(In theaters, June 2002) The second cinema adaptation of the classic “Asterix & Obelix” comic book, and it was a risky proposition: Not only is the first (animated) movie rightfully considered a classic (ooh, those musical numbers… “Quand l’appétit va, tout va!”), but the first live-action Asterix and Obélix wasn’t very well received critically. This second live-action film is better than the lackluster Astérix et obélix contre César and falls short of the insane greatness of Astérix et Cléopatre, but still results in a rather good historical fantasy-comedy. The style is often frenetic, with plenty of sight gags, multiple anachronisms, some good dialogue and a constant sense of fun. Mission Cléopatre is so packed with jokes that even though non-French-European viewers (including French-Canadians) might not understand half the gags, there are still more than enough left to amuse. It relies a lot on pop culture, though (including a reference to Star Wars), so I wouldn’t be surprised if it’s not nearly as good in ten or fifteen years. In the meantime, enjoy the performances, the jokes and the visual effects.

Army Of Darkness (1992)

<strong class="MovieTitle">Army Of Darkness</strong> (1992)

(Third viewing, In theaters, June 2002) Some movies somehow never lose their charm. This is one of them; a short (81 minutes) horror/comedy hybrid with inconsistent effects but a solid sense of fun. I’ve been watching this one yearly for about half a decade and it’s still as cool as it was. What more can I say? If you haven’t seen it yet, go!

(Fourth viewing, On DVD, August 2006) There are few movies that I’ve watched more often that this one, but happily enough I’m still not bored by it. Bruce Campbell has the role of a lifetime in this film, and the constant creativity of the direction keeps piling the laugh deeper and deeper. There’s more stuff in this 85-minutes film than in some three-hour epics I’ve seen. The bare-bones DVD isn’t particularly interesting: surely there must be something better out there?

The Modular Man, Roger MacBride Allen

Bantam Spectra, 1992, 306 pages, C$5.99 mmpb, ISBN 0-553-29559-4

There are no surer ways to inflame a crowd of Science-Fiction geeks than to try to define the “mission” of the genre. Some will argue that there is none; others will use this as a tangent to discussing the definition of SF; others will simply sneak away for more snacks.

As with many other experienced SF geeks, I tend to be amongst the group that slinks away for more food. Not only because I’m a hungry fellow or because the debate tends to be invariably circular, but mostly because I’ve made my peace a long time ago with what SF should be. And that, constant reader, would be a literature of ideas.

Of course, SF should be well-written, packed with vibrant characters and constant entertainment. But that’s not the point. You can walk into any mall bookstore, head for the general fiction section and pick non-genre novels that do all that. But what other literature can seriously examine the human impacts of technological change? Which other literature always starts with “What if?” (Well, okay, Fantasy is the other one) Where else can you read accessible book-length dramatization of future issues that will soon preoccupy us? In Science-Fiction. Purely and simply.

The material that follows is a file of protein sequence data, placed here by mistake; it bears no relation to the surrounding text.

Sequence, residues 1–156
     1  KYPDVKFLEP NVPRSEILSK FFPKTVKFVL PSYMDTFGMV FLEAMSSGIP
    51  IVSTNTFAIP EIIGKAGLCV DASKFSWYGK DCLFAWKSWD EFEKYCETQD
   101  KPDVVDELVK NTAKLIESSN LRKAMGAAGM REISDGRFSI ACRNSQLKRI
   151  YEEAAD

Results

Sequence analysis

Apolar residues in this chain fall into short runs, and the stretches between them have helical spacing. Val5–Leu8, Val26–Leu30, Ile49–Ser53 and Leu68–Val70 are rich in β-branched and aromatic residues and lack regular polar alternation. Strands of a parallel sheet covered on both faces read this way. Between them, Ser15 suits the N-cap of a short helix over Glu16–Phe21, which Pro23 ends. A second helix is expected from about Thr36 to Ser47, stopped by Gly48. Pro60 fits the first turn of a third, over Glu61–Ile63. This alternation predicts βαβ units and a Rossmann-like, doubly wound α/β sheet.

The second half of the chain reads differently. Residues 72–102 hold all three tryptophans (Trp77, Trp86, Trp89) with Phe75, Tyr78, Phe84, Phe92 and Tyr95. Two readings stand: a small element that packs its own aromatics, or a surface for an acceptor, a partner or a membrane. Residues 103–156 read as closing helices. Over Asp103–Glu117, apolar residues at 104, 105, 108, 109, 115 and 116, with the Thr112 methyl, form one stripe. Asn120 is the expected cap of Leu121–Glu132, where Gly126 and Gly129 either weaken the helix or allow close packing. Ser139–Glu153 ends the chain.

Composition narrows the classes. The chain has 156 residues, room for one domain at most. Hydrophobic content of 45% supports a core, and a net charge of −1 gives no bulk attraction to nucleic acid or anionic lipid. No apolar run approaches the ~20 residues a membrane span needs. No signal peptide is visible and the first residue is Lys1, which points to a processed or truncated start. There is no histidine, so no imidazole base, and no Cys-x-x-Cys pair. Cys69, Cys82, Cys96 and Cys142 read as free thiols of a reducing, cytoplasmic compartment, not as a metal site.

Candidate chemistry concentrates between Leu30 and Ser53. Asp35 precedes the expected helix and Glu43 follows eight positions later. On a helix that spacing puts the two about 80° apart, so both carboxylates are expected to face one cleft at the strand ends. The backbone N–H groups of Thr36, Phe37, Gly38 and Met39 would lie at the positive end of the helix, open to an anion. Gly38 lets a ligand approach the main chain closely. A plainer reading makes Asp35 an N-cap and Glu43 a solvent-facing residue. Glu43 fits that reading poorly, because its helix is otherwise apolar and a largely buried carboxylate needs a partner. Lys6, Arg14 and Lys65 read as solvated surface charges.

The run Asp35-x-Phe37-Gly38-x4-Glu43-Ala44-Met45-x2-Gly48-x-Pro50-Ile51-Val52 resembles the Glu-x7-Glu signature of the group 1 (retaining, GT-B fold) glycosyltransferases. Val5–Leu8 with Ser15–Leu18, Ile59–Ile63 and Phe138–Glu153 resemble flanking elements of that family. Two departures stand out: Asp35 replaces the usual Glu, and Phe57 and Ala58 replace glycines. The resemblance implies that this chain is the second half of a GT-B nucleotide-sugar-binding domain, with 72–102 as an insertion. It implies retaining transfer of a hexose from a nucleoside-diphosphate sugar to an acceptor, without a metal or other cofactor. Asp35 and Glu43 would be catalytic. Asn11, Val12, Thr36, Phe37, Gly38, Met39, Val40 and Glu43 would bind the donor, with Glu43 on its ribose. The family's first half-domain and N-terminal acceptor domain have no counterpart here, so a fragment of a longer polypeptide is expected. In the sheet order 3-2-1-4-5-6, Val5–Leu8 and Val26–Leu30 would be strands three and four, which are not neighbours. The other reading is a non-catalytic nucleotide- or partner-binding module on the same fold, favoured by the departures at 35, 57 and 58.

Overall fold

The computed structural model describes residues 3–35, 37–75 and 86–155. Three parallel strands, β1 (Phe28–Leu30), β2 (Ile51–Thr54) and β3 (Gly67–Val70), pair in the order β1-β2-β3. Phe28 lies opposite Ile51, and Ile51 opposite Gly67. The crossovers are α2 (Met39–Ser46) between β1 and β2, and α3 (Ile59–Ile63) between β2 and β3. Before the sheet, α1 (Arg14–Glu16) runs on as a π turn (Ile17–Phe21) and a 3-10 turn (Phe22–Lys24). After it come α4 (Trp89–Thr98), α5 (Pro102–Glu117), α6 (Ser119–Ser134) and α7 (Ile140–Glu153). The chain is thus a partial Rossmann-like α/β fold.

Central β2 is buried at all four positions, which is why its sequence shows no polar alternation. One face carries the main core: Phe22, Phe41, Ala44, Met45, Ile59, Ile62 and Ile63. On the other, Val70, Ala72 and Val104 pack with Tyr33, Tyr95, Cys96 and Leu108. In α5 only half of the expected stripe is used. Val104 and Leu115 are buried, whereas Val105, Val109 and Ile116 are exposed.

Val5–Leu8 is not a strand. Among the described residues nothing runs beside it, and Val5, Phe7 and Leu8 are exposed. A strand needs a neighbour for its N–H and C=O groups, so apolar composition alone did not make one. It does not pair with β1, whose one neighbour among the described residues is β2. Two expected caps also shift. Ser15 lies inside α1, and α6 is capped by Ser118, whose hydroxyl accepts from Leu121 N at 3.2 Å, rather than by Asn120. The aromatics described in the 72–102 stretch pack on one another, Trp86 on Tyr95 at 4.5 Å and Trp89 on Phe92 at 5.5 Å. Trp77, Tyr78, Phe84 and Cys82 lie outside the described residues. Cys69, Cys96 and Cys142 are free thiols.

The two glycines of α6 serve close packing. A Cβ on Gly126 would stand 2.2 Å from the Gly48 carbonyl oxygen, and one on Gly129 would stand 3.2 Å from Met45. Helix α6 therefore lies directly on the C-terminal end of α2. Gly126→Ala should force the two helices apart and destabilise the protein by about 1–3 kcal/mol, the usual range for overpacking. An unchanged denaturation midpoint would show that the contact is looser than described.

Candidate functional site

Certainly, the good old school of SF understood this: A standard template for an Analog magazine story was to find a scientific issue, derive a consequent problem with the power of affecting human lives, discuss the issue and then offer a solution to the problem. Hundreds, thousands of stories have been written to that specification. Some were good, some not-so-good, but most of them were unabashed SF.

It’s in this techno-problematic tradition that we must place Roger MacBride Allen’s The Modular Man. There isn’t much of a plot (dying scientist downloads self in machine, political interests try to convict the robot, courtroom drama ensues), but the novel certainly features a thorough examination of the upcoming blur between humans and cyborgs, along with euthanasia, immortality, wealth hoarding and other such philosophical trifles.

Fortunately, The Modular Man is explicit in what it tries to do. Fourth in the short-lived “The Next Wave” didactic SF series (published in the early nineties by Bantam Spectra), the book comes packaged with an after-word on “Intelligent Robots” written by none other than Isaac Asimov. It’s a good piece, though the novel naturally offers most of the same ideas in a more entertaining (albeit longer) fashion.

What MacBride Allen sets up in his narrative is nothing else but an excuse to explore the legal nuts-and-bolt issues that might one day surround the artificial enhancements of humans. The Modular Man isn’t set particularly far in the future, and the writing style of the novel is much closer to legal thrillers than to more stereotypical SF. There’s certainly a lot of reasonable-sounding realism throughout the book, even though there may be too many issues to untangle simultaneously. But that’s what happens when all of your subplots relate to your central theme.

As fiction, The Modular Man isn’t much of a show-stopper. The characters are serviceable, but their places in the narrative are clearly delimited. (And yet… and yet… you’d be surprised at how moving some passages of the book are.) The plotting all leads up to the predictable Big Courtroom Victory, though there are a few twists here and there. The writing style is brisk and businesslike.

But as idea-fiction, The Modular Man is nearly exemplary. Ever chapter raises and interesting question or two, and even offers sort of a proposed solution, or at least a path worth exploring. There’s a definite pleasure in peeking in the future in that fashion; barring significant progress in nanotech, the increased reliance on artificial body parts is inevitable… and so will be the legal issues surrounding extended life-spans, artificial minds, non-humanoid bodies and such. So why don’t to get a conceptual head-start on everyone else and start studying tomorrow’s headlines now?